The ferry timetable makes it impossible to visit it as a day trip, and so we ended up going on Wednesday night,, returning on Saturday night. The tickets were cheap, 54 RUB per person, about 80pence for two hour journey, the accommodation not so. We were lucky and the lady in the tourist centre at the ferry port helped us to book an accommodation. All what we knew was, that we were to stay in a base, which used to be pioneer camp called Mama Sacha. The Russians always used to go on such holidays and still do, at sea sides, in the mountains or forests there are many “baza oddycha” “base of rest” where people spent days and weeks. Some are basic, some are more comfortable. For us, as we have never been here, they are a bit like a lottery.   
  Once we boarded the ferry we stepped into a movie. We left Vladivostok while the sun was falling down. The town spread over the hills was reflecting in the water of the Golden Horn Bay. The sea gulls were following the boat. The Tokarevsky lighthouse was at the east of the East Bosphor Strait, the bridge to Russkij Island was sparkling in the west. However as soon as we went under the bridge the skye changed to dark clouds followed by fog. 
For the next hour and half we didn’t see anything until we landed on the island. The first thing what we saw was the fences. Then as we were descending the from the boat following the rusty gang way there were cars and people everywhere with high activity. Yet, we could not see anything as someone decided to park in the middle and shine his headlights towards everyone’s eyes. 
Within few minutes most fellow passengers were distributed among the waiting vehicles. Only us no one wanted to take or drop off. Our “Mama Sacha?” was coming to deaf ears, until one said yes. And off we went in the dark of the night at hight speed towards nowhere. The road was dusty lined by very dusty looking trees. Just when we thought that we were being highjacked, we stopped and some outlines of hut appeared among the trees. 
We were shown our hut and went to sleep. Only in the morning we looked around. Conditions may be quite hard for some, but we don’t really care. We came to see and take what we’re given. Our hut was wooden, and so was the toilet, outside, of course and dry. Water tasted wonderful but not from the taps. The paths were marked by white shells. We were based on the hill and had nice view over the whole bay and sea.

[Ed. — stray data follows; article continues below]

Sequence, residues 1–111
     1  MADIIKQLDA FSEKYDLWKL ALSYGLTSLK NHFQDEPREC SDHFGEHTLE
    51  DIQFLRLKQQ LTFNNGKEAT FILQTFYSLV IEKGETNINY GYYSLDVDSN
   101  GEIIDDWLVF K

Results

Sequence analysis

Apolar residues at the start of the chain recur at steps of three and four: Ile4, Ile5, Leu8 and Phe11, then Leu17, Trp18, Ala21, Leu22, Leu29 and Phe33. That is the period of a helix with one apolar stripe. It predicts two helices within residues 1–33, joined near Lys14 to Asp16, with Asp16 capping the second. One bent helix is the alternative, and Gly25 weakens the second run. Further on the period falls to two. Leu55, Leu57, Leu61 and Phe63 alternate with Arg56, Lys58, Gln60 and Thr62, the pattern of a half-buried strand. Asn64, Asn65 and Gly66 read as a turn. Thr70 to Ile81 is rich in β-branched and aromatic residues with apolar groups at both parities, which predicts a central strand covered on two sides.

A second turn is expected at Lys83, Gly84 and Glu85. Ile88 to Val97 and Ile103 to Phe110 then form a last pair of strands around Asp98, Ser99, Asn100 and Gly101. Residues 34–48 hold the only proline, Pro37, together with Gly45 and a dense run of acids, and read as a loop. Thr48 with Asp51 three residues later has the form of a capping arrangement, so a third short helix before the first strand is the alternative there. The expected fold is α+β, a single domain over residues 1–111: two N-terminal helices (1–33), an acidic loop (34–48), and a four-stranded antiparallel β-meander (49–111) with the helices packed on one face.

Three main things are on the island, the sandy beaches, rocky shores and trees surrounded by clear clean sea. After few minutes on the beach we decided to indulge in some coasteering while walking towards a headland. 
   
   
The next day the fog returned and we decided to visit local museum dedicated to sea life. Sadly local history isn’t really discussed here. But in the past it was a place where the Japanese, Korean and Chinese pirates lived. Then, since the end of the 19th century the Russians started to live here. And Mama Sacha according to a tale means Black Land bellow the Only Star.
   
 Our stay on Popova was like a movie. The base was run by two ladies, and they had a young guy with them, who they run by very firm hand. His name was Sergey, and we heard it called very often. On Friday evening the ladies decided to have Russian sauna “baňa”, so they asked us whether at the end of the wet foggy day we would like to have sauna, someone needed to pay for the wood. Well, we had nothing to loose and said yes. Sergey started the stove. We had an hour and it was absolutely great. When it became too hot, we decided to cool down outside as well as with the cold water. So we were standing outside wrapped into our sheets drinking cold water watching the leaves moving in the evening wind. Suddenly the stillness of the evening was broken by a scream “Sergeej!”. And soon high activity started again, there were at least five pigs that broke into the camp and the ladies wanted them gone. So Sergey came and started to chase them off, as well as the two ladies, the family from the hut next to ours, and my mum. Michal and I finished our glass of water, went inside to have the last run of the sauna, and then let the ladies to have a go. Unfortunately tomorrow morning we have to leave.